One of the main knock-on effects of the COVID-19 pandemic, the global semiconductor crisis has led to widespread delays in the automotive industry. It has resulted in many leading manufacturers, such as GM and Ford, halting production at several of their plants for weeks on end. However, Tesla CEO Elon Musk does not expect the chip shortage to last, predicting it will likely be over by next year.
Speaking at Italian Tech Week in Turin, Musk stated that the chip shortage is a “short term” problem and that several chip fabrication plants are being built. He does not expect the chip shortage to continue into 2022 and beyond.
“There’s a lot of chip fabrication plants that are being built and I think we will have good capacity by next year.”
Musk also spoke of how Tesla was able to respond to the crisis. Through using alternative chips and rewriting software, they were able to maintain production.
“We were able to substitute alternative chips and then write the firmware in a matter of weeks. It’s not just a matter of swapping out a chip. You also have to rewrite the software. So it was an incredibly intense effort of planning new chips, writing new firmware, integrating it to the vehicle and testing it in order to maintain production.”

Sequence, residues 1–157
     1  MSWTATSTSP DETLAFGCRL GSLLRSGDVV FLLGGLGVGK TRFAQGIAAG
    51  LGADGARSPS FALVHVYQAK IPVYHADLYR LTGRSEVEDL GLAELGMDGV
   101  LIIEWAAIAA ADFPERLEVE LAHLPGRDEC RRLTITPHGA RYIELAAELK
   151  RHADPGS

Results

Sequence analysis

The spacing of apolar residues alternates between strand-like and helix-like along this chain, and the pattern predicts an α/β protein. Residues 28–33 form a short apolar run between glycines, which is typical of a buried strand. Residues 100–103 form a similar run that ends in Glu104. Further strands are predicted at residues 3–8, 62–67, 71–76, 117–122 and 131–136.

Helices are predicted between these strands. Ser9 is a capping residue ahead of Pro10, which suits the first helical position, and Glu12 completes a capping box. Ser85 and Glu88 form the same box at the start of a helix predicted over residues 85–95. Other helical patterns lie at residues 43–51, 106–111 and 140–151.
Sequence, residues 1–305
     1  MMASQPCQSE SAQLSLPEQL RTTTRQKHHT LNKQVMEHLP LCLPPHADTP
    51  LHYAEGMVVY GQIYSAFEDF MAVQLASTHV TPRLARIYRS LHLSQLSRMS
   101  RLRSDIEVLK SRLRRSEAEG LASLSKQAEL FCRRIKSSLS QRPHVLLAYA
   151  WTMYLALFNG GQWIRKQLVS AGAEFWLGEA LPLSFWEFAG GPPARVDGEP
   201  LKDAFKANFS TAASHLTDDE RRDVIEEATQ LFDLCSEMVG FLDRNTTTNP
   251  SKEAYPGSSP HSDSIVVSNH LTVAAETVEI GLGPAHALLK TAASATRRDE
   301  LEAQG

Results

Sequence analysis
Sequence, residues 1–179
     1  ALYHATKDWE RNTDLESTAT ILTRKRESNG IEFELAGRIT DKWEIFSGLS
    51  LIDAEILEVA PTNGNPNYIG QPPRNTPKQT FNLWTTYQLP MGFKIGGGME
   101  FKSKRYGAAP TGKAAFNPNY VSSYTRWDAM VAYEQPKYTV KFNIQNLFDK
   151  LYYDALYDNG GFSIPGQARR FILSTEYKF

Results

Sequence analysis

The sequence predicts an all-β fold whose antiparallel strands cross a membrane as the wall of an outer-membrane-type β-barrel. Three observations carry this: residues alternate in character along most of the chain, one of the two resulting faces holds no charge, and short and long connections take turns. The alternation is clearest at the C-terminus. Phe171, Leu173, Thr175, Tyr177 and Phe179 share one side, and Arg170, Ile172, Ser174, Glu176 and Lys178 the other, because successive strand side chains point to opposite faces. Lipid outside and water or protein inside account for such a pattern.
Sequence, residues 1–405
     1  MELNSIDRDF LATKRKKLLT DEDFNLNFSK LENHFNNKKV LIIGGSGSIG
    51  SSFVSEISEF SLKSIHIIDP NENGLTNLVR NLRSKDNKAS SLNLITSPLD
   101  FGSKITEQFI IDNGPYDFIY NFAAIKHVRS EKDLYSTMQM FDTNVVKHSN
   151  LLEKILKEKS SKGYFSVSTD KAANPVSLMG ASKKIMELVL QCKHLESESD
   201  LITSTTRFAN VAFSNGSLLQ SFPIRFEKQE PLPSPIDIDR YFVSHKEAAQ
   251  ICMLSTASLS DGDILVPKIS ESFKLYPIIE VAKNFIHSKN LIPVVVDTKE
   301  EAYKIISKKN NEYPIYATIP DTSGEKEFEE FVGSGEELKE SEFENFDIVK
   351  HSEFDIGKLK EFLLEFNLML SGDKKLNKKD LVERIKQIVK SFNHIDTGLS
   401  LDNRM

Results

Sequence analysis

Not all share the same view as Musk however. Glenn O’Donnell, vice president and research director at advisory firm Forrester, believes the chip shortage could last well into 2022 and maybe even 2023 as “demand will remain high and supply will remain constrained”.
It will certainly be interesting to see if the shortage will continue as the rest of society eases back to normality. The semiconductor crisis has led to several manufacturers cutting production targets, and has undoubtedly had a huge financial impact on many.
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